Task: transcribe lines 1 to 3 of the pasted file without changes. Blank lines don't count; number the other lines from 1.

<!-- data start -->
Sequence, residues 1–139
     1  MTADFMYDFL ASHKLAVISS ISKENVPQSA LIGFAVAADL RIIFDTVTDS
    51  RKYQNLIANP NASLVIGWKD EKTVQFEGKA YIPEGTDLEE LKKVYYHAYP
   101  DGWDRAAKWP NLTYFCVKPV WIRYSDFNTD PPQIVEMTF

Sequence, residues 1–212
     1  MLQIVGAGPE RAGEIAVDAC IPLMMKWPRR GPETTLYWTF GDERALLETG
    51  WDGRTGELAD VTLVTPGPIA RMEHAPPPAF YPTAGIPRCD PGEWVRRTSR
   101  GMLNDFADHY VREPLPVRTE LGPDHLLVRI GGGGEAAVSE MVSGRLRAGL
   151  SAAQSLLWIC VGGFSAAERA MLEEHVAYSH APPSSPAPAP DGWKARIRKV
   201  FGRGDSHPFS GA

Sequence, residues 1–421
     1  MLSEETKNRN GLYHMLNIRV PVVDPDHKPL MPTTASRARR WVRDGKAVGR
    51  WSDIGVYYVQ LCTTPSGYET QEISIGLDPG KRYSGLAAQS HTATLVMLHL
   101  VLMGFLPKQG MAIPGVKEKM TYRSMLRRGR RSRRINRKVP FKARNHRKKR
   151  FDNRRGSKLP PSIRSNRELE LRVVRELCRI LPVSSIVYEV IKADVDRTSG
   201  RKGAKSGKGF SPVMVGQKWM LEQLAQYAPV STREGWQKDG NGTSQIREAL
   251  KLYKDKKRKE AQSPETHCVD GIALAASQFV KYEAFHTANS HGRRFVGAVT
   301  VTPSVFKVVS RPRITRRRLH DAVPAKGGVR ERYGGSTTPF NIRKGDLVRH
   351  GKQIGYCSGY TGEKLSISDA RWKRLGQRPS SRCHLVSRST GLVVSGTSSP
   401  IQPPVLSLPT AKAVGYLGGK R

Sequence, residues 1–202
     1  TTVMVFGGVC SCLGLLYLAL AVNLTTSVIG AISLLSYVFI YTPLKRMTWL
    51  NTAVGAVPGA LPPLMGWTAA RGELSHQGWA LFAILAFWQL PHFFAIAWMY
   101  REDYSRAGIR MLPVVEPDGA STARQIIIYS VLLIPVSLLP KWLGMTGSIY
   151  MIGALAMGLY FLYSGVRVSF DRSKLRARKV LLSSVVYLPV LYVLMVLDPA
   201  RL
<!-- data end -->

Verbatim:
Sequence, residues 1–139
     1  MTADFMYDFL ASHKLAVISS ISKENVPQSA LIGFAVAADL RIIFDTVTDS
    51  RKYQNLIANP NASLVIGWKD EKTVQFEGKA YIPEGTDLEE LKKVYYHAYP